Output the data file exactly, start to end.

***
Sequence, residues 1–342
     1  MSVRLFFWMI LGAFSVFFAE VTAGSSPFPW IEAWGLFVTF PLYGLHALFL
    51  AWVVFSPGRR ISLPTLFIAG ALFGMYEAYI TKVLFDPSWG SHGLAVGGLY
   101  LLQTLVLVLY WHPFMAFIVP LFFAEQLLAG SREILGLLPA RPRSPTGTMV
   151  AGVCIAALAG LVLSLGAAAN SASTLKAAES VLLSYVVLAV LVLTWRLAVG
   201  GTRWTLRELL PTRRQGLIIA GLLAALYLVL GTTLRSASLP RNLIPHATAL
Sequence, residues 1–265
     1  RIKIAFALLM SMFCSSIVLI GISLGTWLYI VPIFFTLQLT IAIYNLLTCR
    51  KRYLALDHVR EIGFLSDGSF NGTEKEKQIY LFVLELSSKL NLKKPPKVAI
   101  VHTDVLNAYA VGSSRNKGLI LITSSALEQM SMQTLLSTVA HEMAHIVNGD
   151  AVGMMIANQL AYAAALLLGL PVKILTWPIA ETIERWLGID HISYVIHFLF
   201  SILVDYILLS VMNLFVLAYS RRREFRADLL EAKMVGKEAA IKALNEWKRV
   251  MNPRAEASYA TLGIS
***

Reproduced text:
Sequence, residues 1–342
     1  MSVRLFFWMI LGAFSVFFAE VTAGSSPFPW IEAWGLFVTF PLYGLHALFL
    51  AWVVFSPGRR ISLPTLFIAG ALFGMYEAYI TKVLFDPSWG SHGLAVGGLY
   101  LLQTLVLVLY WHPFMAFIVP LFFAEQLLAG SREILGLLPA RPRSPTGTMV
   151  AGVCIAALAG LVLSLGAAAN SASTLKAAES VLLSYVVLAV LVLTWRLAVG
   201  GTRWTLRELL PTRRQGLIIA GLLAALYLVL GTTLRSASLP RNLIPHATAL
Sequence, residues 1–265
     1  RIKIAFALLM SMFCSSIVLI GISLGTWLYI VPIFFTLQLT IAIYNLLTCR
    51  KRYLALDHVR EIGFLSDGSF NGTEKEKQIY LFVLELSSKL NLKKPPKVAI
   101  VHTDVLNAYA VGSSRNKGLI LITSSALEQM SMQTLLSTVA HEMAHIVNGD
   151  AVGMMIANQL AYAAALLLGL PVKILTWPIA ETIERWLGID HISYVIHFLF
   201  SILVDYILLS VMNLFVLAYS RRREFRADLL EAKMVGKEAA IKALNEWKRV
   251  MNPRAEASYA TLGIS